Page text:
Saver – Bet placed by punter in the belief that two bets will be less expensive than one.

Spread betting – Similar to the handicap betting system. If you back a team to cover the spread, so a team will lose bu no more than 5 points, or win by more than 6 points.

Steaming – A term used to describe the change in price of a selection that has seen a significant shortening in its odds.

Trixie – A bet consisting of 4 bets involving 3 selections. The bet includes 3 doubles and a treble. A minimum of two selections must be successful to get a return.

Yankee – A bet consisting of 11 bets involving 4 selections in different events. The bet includes 4 doubles, 4 trebles and an accumulator. A minimum of 2 of your selections must be successful to get a return.

 

Where can I place a bet?

Betting at Home

Online betting has totally eclipsed traditional telephone betting. Every bookmaker in the land now has a website and an app, chock-full of prices, markets, and offers. Placing a bet online couldn’t be simpler. Before making a bet, ensure you have enough money in your account (quick-deposit facilities resolve this problem in seconds) and head to the race in which you want to invest. The process is straightforward. Find your selection, click on the price and head to the bet slip (often as a pop-up) before inputting your stake and placing your bet.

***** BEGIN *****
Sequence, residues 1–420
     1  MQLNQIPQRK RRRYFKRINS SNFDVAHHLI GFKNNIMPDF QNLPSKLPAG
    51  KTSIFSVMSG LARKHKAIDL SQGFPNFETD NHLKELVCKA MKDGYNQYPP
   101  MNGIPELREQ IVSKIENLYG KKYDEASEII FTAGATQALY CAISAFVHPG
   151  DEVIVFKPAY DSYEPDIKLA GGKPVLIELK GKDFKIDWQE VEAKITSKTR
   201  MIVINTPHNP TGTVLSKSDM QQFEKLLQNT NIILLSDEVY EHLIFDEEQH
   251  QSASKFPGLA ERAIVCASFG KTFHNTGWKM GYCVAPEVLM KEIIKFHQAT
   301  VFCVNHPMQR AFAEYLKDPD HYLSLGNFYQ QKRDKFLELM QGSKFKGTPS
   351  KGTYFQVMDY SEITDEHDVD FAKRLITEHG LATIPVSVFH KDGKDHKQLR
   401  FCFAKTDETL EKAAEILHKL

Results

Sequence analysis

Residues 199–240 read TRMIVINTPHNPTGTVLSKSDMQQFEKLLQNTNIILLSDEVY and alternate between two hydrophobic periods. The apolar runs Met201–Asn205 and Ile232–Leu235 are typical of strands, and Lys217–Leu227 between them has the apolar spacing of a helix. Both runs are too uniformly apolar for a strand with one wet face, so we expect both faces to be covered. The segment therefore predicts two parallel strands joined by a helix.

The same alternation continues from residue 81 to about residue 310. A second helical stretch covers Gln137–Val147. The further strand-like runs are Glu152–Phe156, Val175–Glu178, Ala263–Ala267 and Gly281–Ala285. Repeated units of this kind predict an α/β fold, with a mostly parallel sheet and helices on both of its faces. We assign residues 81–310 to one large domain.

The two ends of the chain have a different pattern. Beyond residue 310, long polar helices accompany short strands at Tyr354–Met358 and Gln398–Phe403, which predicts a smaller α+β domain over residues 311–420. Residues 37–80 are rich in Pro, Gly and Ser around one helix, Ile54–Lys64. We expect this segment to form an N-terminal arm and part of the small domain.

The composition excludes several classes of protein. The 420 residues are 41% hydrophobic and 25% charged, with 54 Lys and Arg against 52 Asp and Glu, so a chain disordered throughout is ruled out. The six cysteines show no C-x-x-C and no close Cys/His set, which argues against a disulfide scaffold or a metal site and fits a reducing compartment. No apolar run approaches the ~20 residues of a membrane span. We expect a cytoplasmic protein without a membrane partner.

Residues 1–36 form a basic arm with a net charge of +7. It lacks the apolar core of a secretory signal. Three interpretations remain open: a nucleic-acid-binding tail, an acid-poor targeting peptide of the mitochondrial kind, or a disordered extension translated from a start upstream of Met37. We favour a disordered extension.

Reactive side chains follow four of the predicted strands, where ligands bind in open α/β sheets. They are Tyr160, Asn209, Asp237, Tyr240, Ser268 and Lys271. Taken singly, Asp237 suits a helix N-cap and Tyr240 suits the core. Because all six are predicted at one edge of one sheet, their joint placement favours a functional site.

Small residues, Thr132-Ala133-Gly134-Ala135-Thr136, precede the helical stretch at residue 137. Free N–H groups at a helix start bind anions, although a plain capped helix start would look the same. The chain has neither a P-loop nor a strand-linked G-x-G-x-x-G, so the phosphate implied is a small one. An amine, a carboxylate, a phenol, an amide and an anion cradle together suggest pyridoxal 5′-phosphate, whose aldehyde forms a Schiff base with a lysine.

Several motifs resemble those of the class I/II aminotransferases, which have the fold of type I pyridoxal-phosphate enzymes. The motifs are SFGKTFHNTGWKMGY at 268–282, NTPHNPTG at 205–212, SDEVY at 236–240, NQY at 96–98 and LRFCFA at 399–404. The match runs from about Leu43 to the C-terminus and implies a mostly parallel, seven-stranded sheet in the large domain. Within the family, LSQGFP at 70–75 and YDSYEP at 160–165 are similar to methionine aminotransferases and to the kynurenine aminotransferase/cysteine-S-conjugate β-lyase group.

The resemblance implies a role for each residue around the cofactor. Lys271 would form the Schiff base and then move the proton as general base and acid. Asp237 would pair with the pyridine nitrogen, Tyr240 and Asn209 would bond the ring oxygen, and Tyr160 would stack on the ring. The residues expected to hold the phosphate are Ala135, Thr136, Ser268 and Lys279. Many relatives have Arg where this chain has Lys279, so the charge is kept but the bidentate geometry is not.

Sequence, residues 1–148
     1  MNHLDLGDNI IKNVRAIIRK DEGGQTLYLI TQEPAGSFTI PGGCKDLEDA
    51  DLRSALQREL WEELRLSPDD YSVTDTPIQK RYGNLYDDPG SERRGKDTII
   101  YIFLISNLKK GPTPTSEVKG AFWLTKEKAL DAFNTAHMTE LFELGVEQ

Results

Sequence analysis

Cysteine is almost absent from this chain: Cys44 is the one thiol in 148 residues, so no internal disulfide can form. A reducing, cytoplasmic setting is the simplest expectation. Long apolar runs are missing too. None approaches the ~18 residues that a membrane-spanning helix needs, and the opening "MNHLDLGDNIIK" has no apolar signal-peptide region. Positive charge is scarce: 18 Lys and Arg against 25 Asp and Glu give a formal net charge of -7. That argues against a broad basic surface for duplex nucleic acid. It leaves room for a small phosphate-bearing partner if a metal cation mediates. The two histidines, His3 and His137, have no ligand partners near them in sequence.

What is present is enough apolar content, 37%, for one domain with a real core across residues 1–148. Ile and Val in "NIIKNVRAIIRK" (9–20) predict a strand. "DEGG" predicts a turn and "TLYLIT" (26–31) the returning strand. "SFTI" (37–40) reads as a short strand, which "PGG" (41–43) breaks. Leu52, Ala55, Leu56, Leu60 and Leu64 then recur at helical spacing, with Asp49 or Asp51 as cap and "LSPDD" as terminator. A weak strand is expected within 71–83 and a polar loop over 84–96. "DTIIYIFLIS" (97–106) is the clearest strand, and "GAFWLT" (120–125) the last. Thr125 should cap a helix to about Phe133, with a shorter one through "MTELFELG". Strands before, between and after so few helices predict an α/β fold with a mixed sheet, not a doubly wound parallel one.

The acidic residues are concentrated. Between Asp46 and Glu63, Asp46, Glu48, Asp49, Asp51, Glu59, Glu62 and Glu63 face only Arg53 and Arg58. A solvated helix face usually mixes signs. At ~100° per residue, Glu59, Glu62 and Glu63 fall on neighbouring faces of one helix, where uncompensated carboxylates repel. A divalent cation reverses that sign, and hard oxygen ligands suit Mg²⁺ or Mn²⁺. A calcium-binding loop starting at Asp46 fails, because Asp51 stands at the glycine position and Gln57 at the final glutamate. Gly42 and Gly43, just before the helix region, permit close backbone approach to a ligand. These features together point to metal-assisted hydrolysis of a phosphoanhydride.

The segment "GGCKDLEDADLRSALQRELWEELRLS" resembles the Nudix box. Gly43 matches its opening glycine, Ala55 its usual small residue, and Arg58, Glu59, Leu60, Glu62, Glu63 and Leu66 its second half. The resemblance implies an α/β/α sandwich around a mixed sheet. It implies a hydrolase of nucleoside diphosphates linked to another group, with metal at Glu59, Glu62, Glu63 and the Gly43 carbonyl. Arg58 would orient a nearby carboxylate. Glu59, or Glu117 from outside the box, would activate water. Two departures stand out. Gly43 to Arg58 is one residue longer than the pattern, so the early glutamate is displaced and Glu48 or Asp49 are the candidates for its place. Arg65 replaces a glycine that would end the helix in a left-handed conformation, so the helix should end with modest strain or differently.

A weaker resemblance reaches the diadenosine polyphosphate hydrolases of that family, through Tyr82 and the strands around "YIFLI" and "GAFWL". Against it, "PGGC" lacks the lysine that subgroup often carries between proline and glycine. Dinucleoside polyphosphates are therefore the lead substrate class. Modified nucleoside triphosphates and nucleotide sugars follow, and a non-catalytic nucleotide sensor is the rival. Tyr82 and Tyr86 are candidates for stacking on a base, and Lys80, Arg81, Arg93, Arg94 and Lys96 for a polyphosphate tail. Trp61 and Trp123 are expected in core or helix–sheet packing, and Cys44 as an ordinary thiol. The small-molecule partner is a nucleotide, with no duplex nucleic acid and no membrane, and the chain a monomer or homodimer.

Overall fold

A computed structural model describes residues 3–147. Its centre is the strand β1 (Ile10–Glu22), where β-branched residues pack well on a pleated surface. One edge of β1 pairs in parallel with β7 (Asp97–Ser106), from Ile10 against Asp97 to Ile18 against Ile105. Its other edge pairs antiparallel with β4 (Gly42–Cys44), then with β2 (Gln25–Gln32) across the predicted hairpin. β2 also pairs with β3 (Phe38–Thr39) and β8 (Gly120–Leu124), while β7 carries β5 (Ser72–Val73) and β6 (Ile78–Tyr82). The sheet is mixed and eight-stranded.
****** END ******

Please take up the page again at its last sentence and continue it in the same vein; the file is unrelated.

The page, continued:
Many bookmakers now allow you to watch the race live too, so if you have time on your side make the most of this luxury. Be savvy – open accounts with as many bookmakers as possible and make the most of the free bet offers. Having multiple accounts ensures you will have access to the best prices on offer and means you’ll never miss a trick. Especially the night before a race when the markets are still taking shape.

Betting Shops